Copr - Removing outdated chroots
Copr is going to remove build data from end-of-life chroots. Read this article to learn your new responsibilities in case you want to keep some software alive even for an EOL distribution.
Even though Copr currently supports building packages for Fedora, EPEL, Mageia, let’s talk about just Fedora to keep this article simple. The same principles apply also for other distributions, they only differ in small nuances such as length of the release cycle.
Let’s briefly talk about the Fedora release cycle. There are always two stable versions (at this point F28 and F29) and rawhide. These are enabled in Fedora build systems and you can build packages for them. Once a next version is released, the oldest one gets marked as End Of Life (EOL) and it is not possible to build official packages for it and push updates. In Copr, we try to give users more time to migrate and allow them to build packages even for EOL version for another several weeks/months.
Now we are getting to the actual topic of this article. Can you guess, what happens with the repositories once the chroots for a particular EOL distribution gets disabled? Interestingly enough, nothing happens to them. If you have created a project in the Copr humble beginnings and built some packages for e.g. F21, you can still boot your old laptop and install them. As awesome as it sounds, we are changing this a little.
What does it mean
Starting today, you will once upon a time receive an email saying that your projects have some builds for a chroot, that is now outdated. You will be informed, that the data in the chroot are going to be deleted in 180 days unless you take an action. By doing so, you will be able to prolong the amount of time until the data are deleted. You will never be able to turn the garbage collector off, but if you really care about the data, you will be able to periodically prolong the time upon deletion and keep them indefinitely. Please be aware, that from the beginning, the preservation time will be temporarily reduced to only 60 days because we need free some disk space as soon as possible.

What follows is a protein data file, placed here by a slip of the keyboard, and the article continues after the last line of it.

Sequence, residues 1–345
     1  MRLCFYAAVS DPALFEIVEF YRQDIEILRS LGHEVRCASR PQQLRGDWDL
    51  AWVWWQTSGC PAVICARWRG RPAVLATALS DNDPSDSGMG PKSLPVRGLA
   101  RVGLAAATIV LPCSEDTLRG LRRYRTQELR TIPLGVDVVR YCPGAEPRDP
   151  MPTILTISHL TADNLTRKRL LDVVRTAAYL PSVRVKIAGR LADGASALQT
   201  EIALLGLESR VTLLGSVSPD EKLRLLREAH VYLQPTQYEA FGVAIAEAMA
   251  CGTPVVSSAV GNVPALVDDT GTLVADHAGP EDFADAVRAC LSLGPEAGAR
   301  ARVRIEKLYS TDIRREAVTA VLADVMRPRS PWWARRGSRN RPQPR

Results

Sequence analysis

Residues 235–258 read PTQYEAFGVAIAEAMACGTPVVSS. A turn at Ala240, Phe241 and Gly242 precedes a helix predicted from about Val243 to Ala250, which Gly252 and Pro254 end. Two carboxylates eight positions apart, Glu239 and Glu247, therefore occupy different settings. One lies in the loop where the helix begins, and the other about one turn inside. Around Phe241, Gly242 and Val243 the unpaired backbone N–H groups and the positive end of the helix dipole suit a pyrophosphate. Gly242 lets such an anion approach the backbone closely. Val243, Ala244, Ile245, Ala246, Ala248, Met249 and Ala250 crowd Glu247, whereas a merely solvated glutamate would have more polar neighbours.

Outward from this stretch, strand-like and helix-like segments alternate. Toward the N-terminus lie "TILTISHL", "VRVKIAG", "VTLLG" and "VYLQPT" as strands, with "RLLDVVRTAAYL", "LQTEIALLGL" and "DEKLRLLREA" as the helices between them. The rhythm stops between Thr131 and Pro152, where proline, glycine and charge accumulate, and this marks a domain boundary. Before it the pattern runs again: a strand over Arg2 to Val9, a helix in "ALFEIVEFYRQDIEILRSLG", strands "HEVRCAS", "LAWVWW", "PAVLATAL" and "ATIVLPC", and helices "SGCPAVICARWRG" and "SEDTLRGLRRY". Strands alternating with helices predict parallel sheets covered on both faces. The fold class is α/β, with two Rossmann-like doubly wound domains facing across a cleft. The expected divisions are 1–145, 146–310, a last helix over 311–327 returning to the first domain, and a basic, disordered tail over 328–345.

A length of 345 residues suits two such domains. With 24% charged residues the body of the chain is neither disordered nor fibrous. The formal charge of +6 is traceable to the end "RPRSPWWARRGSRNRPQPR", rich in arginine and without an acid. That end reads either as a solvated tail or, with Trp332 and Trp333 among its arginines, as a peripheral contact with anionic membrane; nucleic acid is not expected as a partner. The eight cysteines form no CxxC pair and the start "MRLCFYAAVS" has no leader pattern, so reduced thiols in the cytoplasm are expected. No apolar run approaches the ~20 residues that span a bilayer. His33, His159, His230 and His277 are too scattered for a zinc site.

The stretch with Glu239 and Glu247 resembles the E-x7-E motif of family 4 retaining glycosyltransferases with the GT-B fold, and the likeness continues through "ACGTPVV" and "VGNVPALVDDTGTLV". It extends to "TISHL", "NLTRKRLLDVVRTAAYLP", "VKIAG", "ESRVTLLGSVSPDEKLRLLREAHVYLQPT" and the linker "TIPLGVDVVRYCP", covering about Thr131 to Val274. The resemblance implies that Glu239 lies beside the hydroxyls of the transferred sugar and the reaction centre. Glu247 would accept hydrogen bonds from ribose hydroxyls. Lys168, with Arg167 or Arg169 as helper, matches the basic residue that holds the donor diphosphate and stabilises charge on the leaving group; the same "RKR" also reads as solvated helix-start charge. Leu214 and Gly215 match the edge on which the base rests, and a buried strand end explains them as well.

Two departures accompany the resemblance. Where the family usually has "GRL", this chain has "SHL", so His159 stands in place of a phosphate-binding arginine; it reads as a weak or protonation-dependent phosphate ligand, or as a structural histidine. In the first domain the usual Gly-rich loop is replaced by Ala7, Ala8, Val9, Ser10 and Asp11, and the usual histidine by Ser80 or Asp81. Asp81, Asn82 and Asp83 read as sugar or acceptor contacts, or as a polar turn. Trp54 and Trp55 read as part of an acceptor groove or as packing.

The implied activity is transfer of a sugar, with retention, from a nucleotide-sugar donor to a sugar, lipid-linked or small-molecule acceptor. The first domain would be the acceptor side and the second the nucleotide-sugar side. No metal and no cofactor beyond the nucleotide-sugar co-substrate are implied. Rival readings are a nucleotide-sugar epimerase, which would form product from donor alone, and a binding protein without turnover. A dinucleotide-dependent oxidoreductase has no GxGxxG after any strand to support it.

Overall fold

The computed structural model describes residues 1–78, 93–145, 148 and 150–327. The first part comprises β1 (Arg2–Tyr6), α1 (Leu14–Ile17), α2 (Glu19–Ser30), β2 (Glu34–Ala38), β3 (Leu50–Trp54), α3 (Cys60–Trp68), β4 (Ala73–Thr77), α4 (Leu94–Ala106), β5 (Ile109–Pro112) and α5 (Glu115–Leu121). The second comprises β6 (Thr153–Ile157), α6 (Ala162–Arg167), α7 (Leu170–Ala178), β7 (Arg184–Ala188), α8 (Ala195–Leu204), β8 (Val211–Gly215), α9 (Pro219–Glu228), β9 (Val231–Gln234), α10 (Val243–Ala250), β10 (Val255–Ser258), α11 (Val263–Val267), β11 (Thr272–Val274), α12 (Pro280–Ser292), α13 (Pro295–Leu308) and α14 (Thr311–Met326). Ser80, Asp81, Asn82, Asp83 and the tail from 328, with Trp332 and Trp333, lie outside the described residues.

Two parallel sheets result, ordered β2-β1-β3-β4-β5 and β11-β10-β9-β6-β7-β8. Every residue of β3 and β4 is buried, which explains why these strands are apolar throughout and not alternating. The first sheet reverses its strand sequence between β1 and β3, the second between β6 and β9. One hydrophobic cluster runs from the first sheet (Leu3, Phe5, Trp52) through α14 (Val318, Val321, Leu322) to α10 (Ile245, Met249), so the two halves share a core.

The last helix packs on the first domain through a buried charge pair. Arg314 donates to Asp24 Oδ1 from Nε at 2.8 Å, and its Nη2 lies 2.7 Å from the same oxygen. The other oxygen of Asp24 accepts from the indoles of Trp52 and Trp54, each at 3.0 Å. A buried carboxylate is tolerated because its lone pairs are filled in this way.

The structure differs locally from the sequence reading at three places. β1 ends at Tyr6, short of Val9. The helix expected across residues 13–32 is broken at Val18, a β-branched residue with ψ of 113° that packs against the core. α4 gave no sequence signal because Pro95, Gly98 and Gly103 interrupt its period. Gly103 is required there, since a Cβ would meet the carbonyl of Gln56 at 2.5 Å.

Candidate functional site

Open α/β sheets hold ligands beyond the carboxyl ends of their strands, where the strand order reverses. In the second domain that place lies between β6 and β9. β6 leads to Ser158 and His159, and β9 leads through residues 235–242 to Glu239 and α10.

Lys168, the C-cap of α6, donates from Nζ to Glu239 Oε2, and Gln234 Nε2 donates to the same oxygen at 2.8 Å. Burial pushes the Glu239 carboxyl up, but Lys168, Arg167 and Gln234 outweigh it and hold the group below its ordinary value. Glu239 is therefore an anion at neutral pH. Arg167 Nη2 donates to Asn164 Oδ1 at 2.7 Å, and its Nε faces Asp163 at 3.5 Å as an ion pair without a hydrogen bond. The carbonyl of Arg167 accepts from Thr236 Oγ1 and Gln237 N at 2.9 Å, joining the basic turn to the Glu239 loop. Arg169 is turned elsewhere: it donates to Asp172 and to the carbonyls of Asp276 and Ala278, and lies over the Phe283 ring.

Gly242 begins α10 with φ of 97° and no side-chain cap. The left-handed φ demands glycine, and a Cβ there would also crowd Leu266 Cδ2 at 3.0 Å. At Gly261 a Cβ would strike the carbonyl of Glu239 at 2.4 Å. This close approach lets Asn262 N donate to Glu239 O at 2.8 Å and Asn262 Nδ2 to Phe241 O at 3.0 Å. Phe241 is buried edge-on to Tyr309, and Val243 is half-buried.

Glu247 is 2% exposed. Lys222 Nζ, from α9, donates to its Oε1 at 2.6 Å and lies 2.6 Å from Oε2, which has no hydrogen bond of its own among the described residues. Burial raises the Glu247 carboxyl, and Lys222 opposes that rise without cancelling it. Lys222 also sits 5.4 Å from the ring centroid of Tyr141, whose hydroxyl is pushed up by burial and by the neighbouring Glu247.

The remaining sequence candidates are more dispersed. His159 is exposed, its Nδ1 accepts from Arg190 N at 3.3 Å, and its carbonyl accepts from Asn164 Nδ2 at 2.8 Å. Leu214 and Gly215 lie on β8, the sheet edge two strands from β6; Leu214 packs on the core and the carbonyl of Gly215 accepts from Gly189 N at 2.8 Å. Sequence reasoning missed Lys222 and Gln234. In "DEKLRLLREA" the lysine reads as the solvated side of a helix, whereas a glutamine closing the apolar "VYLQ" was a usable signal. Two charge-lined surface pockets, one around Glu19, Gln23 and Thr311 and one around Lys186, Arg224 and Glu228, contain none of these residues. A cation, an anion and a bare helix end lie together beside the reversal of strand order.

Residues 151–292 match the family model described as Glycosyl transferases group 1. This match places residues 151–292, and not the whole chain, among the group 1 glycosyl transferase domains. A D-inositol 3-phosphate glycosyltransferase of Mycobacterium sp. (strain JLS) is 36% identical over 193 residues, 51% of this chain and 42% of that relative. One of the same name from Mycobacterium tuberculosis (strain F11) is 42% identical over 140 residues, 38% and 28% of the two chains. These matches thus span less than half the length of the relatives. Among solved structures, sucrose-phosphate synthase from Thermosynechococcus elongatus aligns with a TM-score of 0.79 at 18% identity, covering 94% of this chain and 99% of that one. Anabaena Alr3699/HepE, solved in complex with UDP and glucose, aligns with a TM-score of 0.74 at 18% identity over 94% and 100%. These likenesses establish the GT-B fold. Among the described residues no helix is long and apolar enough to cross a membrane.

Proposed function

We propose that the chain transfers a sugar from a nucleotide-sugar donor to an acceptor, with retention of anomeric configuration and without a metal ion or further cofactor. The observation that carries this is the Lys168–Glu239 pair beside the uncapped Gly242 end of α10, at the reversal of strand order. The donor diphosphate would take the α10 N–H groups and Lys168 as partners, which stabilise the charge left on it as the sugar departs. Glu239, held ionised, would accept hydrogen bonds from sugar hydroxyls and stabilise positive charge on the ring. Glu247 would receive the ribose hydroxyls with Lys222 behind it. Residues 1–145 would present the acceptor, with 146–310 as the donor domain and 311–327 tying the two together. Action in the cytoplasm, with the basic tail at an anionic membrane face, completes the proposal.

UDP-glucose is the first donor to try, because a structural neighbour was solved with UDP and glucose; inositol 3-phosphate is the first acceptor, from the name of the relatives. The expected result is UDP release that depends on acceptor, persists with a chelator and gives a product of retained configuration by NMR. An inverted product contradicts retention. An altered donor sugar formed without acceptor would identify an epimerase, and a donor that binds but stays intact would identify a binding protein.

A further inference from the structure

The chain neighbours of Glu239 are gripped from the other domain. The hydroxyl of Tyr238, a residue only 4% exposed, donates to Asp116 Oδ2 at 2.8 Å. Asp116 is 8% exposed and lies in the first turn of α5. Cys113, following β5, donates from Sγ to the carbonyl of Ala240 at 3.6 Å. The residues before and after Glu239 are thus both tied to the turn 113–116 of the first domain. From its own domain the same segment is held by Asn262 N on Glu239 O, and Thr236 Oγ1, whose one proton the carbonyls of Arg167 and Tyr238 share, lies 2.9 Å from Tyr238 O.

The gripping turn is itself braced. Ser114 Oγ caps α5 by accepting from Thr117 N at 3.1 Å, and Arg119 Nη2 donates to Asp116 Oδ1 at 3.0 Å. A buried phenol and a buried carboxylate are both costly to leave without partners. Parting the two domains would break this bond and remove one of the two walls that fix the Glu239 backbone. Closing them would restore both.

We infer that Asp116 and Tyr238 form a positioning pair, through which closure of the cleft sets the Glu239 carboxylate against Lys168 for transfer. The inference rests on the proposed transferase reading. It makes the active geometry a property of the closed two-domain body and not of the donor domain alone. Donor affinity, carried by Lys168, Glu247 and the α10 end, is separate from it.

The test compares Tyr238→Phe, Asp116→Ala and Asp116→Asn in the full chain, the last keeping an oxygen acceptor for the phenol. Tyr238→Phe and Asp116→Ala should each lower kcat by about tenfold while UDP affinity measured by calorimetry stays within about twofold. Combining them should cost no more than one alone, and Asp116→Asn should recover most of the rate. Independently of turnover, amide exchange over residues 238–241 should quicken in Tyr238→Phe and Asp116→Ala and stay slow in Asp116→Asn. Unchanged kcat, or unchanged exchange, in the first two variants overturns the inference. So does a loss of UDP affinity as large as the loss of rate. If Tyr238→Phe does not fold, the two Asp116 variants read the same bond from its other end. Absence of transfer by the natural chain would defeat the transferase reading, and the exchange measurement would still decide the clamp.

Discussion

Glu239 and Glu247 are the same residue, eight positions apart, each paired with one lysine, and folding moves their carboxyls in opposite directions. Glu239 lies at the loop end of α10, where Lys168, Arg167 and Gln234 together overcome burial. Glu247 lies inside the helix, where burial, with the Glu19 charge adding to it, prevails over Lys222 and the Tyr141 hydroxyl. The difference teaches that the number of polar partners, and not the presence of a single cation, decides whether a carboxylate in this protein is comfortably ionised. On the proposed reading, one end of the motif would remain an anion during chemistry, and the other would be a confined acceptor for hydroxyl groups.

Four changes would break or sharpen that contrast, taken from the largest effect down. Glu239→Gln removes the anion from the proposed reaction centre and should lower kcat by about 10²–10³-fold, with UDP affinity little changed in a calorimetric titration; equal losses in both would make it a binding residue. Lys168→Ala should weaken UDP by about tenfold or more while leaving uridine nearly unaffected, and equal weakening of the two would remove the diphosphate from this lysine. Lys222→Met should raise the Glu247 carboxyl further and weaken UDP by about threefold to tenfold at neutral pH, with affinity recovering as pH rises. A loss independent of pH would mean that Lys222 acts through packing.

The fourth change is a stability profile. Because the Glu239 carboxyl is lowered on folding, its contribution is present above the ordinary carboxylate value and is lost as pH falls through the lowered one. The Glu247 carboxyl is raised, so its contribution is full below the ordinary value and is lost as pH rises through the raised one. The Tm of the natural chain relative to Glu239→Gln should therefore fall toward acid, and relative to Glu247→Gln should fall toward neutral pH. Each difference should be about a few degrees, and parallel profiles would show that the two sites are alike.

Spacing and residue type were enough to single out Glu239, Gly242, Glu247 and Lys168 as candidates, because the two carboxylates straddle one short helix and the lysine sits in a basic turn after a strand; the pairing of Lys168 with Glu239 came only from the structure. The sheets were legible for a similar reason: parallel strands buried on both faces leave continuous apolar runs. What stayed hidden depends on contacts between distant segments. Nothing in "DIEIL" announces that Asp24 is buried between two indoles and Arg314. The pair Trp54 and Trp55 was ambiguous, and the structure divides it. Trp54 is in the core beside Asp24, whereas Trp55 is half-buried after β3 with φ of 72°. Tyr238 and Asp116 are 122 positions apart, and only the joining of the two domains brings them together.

The notification email will look like this.
Of course, I got this one from devel instance, that’s why there is a link to localhost. You will receive one email notifying you about all your projects (not one email per project). We chose this option to avoid unnecessary spamming.
You can read the Copr outdated chroots removal policy if this change affects you.
Why do we need it
Long story short, we are quickly getting out of disk space. Our daily consumption continually grows and we currently store about 10GB/day. During last year we have used 2TB and we are accelerating, so for this year, we are going to need even more. Assuming the same growth as in the past, we will consume up to 2.5TB and the following year up to 5TB.
Let’s see how much disk space was needed for particular Fedora releases.
|Fedora 21||82 GB|
|Fedora 22||132 GB|
|Fedora 23||241 GB|
|Fedora 24||343 GB|
|Fedora 25||438 GB|
|Fedora 26||775 GB|
|EPEL 5||9.7 GB|
|EPEL 6||132 GB|
We also have an idea of how much data is required for alternative architectures in comparison to Intel.
|x86_64, i686||5.5 TB|
The bright future
So, we are going to remove some old data, that is a bad thing. But it will have many positive consequences. Most importantly, it will allow us to survive (regarding disk space) this year. This alone is a sufficient reason because we are slowly running out of options to store some space. Also, we want to add some features. For example, from the table above we know, that alternative architectures don’t require that much disk space and with Mock’s forcearch we have a possibility to support them without having dedicated builders on that architecture. We definitely aim to support aarch64! For a quite long time, we have also been discussing a possibility to build OSTrees for Fedora Silverblue project and containers, but it always wrecked on not having enough disk space. We might revisit these ideas again.